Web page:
Court surprisingly hostile to FOIA exemption
WASHINGTON — The Supreme Court appeared surprisingly hostile yesterday to the government’s defense of an interpretation of the Freedom of Information Act that agencies have used to justify withholding a broad range of documents from public view.
The Court usually sides with the government in FOIA cases, but in Milner v. Department of the Navy, it appeared possible that the Court would rule in favor of a Washington state activist seeking information about a Navy munitions storage facility in Puget Sound.
At issue in the case is Exemption 2 of the FOIA, which allows government agencies to withhold documents “related solely to the internal personnel rules and practices of an agency.” But an appeals court ruling in 1981, amplified ever since by agencies and lower courts, has turned the exemption into a broader, catchall exemption. FOIA advocates say the broader interpretation is misused to justify turning down FOIA requests on the grounds that the requested information might allow someone to circumvent agency policies.
“In application, [the exemption] has been distorted to such a disturbing extent that agencies consistently cite Exemption 2 to withhold any document that could potentially fall into the ‘wrong hands,’” stated a brief filed in the case on behalf of news organizations.
Justices seemed annoyed most by the expansion of the exemption beyond its plain language. “It seems to me you're asking us to do your job,” Chief Justice John Roberts Jr. told Anthony Yang, assistant to the solicitor general. “You are telling us how sensitive these [documents] are and therefore it would harm the national interest if they have to be disclosed. If that’s true, you can classify them … instead of coming to us and saying you should torture the language in FOIA.”
Yang said classification would not be an adequate substitute for the exemption.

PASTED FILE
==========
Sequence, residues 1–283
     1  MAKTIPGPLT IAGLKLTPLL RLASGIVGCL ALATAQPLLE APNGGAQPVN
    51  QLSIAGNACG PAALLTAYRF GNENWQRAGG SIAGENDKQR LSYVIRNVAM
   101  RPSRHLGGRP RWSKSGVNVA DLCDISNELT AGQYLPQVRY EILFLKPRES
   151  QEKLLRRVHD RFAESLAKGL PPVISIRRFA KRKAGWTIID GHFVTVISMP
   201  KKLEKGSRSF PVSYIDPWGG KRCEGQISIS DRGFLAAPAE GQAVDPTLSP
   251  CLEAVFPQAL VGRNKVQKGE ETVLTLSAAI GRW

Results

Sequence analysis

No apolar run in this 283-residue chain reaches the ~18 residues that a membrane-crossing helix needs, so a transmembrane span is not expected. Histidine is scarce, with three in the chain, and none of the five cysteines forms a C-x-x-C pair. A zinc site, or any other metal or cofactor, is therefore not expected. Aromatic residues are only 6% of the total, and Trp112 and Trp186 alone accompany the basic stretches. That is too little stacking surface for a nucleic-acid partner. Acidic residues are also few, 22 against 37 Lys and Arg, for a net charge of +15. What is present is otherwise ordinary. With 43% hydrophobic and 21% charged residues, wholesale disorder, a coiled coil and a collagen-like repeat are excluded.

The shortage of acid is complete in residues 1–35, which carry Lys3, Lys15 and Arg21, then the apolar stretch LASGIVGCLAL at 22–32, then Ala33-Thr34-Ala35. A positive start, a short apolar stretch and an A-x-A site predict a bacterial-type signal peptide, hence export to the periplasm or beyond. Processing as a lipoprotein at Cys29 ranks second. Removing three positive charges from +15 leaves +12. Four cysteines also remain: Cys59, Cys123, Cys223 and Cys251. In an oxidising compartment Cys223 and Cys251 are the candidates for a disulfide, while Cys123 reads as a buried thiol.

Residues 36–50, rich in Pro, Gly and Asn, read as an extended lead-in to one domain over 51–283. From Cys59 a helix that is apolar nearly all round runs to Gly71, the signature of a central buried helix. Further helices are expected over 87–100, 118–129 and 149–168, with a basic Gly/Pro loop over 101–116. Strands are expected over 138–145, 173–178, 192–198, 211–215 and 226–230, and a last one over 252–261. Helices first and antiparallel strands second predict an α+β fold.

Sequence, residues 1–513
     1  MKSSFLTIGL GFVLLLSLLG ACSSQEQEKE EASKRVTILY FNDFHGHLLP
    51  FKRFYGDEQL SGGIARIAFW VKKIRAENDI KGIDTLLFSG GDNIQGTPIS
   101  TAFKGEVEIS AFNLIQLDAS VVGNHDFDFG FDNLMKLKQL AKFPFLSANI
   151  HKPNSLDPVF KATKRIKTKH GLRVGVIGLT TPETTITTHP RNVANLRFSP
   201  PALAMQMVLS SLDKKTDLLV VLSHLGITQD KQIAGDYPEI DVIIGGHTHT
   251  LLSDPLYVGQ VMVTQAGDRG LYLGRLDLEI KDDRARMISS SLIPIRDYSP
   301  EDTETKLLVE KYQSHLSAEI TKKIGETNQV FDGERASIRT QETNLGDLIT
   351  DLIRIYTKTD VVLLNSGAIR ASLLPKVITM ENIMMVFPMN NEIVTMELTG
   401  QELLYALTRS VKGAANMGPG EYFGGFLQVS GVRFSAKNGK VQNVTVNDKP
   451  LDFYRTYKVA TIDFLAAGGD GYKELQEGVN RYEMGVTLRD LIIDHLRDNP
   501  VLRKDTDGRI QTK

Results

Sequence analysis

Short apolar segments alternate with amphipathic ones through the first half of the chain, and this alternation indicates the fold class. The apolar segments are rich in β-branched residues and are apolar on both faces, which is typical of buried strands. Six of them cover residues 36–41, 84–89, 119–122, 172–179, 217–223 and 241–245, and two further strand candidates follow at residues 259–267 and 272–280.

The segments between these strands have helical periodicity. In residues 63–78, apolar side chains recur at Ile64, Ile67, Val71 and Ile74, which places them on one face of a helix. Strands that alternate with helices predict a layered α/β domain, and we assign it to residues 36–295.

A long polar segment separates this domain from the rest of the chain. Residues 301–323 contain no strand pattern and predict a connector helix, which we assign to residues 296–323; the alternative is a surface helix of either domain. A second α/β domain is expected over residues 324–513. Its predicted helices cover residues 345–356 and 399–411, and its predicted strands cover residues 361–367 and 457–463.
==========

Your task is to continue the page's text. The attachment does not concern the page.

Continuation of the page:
Justice Anthony Kennedy also seemed skeptical about the broad interpretation of the exemption, stating that if an agency promulgated rules about the placement of bombs, it is “hard for me to explain that it's just a personnel rule.”
The justices’ doubts about the government position was all the more notable because of the nature of the documents at issue. Glen Milner invoked FOIA in search of documents about the possibility of explosions at the Navy facility. The Navy invoked Exemption 2, and the 9th U.S. Circuit Court of Appeals upheld the Navy’s action.
Exemption 2 was meant to be “extremely narrow,” Milner's lawyer David Mann told the Court, not the “open-ended” interpretation the 9th Circuit and other circuits have given it. “Any time an agency feels it may be appropriate that it might not want to release something, it can rely on Exemption 2.”
Justice Samuel Alito Jr. was the only member of the Court to voice serious concern about national security. “The world has changed in a lot of ways,” he told Mann. “There is now I think much greater concern about the disclosure of information that has perhaps profound security implications.”
Yang, the government lawyer, urged the Court not to “disrupt 30 years of FOIA practice by rejecting an interpretation of Exemption 2 that has prevailed and has provided a workable standard for agencies.”
Roberts, in his critical questioning of Yang, even added a comment usually voiced by researchers who use FOIA. “It takes forever to get the documents,” he said.
That prompted Yang to make an unusual concession. “We are not usually complying with the statute’s 20-day turnaround. That’s correct.”